January 7, 2011
You can’t blame a defence lawyer for trying to mitigate the circumstances of his client’s misdeeds — it’s all part of the give and take of sentencing in the justice system. But there were some particularly feeble excuses in the case of a 33-year-old Williams Lake man who talked a 14-year-old Kamloops girl into having sex with him via messages on Facebook.
Excuse number 1: He looked much younger at the time. The law doesn’t take into account what you look like. It refers only to your actual age. He was an adult, and it’s against the law for adults to take advantage of children.
Excuse number 2: He is “intellectually challenged,” and thus sought girls he considered to be his intellectual equal. Not to put too fine a point on it, but this phrase is a politically correct way of saying stupid, inferior, or uneducated. If we were to let people off for being “intellectually challenged,” we could close down at least half the prisons.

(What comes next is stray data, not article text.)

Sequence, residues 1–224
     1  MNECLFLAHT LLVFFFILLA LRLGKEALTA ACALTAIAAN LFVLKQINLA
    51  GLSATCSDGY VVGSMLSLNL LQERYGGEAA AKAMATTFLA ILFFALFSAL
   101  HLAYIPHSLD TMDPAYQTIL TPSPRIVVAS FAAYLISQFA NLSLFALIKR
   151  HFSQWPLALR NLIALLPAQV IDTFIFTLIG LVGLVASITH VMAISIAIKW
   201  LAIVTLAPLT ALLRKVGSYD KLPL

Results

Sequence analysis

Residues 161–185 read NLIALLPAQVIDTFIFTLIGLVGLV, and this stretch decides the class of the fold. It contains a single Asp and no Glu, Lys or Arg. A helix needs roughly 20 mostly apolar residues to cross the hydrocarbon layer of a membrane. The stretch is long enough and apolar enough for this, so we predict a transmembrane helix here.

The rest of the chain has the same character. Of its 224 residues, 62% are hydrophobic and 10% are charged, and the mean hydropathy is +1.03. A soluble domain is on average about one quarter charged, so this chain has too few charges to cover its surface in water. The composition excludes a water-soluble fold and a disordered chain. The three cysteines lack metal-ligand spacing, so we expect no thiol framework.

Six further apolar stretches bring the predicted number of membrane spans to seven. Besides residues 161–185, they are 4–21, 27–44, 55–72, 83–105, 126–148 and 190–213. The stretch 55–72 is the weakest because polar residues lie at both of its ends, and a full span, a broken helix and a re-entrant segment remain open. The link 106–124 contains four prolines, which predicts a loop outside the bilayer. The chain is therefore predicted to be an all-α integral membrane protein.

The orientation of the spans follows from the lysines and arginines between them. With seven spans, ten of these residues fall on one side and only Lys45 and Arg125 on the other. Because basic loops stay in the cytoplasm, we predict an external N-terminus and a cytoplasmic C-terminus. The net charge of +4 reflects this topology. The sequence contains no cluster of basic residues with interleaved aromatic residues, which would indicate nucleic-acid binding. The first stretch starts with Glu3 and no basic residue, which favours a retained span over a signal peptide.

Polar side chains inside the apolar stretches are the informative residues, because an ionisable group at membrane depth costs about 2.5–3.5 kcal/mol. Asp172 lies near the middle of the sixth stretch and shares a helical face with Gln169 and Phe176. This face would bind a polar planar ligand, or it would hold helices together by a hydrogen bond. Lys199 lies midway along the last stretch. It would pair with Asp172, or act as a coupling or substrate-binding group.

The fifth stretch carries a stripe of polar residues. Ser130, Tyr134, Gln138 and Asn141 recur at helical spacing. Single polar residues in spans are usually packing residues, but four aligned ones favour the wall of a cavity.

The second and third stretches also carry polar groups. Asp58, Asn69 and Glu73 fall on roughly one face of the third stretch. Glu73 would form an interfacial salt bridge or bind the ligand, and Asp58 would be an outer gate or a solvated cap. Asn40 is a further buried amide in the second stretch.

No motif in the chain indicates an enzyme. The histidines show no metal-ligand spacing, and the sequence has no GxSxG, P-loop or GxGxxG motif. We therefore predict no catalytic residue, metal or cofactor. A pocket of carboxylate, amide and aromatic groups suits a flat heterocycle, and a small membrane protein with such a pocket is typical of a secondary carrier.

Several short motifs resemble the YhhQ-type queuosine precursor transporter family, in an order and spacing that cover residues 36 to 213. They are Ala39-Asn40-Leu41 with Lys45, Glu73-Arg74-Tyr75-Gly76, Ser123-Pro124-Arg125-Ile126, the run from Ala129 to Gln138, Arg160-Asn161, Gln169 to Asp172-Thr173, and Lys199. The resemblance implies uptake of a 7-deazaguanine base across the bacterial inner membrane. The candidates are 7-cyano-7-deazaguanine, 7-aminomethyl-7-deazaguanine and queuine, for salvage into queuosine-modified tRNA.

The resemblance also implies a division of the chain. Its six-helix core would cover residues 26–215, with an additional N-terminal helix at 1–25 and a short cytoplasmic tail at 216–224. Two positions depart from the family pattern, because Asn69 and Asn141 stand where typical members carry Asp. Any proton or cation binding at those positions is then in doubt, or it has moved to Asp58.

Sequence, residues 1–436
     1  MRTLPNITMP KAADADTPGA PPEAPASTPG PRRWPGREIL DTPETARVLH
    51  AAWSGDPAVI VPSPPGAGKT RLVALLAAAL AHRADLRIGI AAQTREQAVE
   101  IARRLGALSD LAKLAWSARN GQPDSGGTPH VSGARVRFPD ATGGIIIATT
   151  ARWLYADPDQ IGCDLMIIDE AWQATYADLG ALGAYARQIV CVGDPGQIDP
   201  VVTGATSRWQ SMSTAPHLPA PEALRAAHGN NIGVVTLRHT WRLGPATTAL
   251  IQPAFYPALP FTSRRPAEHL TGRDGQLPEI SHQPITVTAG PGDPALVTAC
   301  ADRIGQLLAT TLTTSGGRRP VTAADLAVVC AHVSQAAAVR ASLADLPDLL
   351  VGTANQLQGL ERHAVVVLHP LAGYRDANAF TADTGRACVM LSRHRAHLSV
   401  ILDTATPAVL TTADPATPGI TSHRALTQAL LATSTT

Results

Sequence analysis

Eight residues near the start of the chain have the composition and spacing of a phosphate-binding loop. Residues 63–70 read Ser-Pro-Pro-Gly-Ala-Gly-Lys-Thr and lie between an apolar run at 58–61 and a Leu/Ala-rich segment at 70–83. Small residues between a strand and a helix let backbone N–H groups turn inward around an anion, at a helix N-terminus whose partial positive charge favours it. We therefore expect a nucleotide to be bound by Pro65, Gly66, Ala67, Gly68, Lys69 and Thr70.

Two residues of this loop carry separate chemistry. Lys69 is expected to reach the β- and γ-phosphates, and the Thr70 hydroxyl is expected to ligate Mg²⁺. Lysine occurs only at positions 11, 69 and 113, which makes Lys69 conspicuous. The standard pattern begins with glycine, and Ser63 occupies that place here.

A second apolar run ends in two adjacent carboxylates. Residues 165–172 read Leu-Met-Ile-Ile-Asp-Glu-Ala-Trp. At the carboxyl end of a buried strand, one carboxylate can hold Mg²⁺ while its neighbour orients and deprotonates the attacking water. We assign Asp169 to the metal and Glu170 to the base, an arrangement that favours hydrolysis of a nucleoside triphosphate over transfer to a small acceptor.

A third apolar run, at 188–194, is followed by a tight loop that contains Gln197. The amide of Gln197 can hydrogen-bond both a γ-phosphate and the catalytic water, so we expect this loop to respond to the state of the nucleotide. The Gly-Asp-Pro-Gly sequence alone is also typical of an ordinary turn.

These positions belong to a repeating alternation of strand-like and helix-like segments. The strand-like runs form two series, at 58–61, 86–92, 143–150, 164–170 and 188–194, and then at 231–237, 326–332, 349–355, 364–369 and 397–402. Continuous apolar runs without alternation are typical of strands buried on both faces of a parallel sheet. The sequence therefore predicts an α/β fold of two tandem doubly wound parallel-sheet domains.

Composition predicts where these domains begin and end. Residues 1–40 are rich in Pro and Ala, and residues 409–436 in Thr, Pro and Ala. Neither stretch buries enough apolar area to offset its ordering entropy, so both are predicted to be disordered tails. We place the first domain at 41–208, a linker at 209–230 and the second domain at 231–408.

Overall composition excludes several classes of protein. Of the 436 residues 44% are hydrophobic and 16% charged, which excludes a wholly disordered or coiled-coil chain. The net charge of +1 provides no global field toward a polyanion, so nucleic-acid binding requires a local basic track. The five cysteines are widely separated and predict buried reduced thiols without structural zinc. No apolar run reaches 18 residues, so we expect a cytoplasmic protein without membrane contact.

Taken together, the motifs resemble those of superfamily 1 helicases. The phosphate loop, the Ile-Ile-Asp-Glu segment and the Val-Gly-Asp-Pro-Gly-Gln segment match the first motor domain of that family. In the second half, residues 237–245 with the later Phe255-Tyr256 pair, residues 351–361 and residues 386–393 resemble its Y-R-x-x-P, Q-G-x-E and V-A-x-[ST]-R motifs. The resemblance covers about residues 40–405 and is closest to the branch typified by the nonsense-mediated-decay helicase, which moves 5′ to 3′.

In a similar case last summer, a 24-year-old Prince Edward Island man was found guilty of almost exactly the same offence — trying to lure a 14-year-old girl into sex via Facebook. They apparently never did the deed, but what the man did do was clearly wrong. Here is what the Crown lawyer had to say:
“There may very well be people who have not yet realized that using a computer, or by means of a computer, (and) having sexual conversations with an underage person is an offence and they may well face charges.”
This time, the defence’s excuse was that the girl was an active participant in the Facebook conversations. The judge, quite rightly, said this was irrelevant.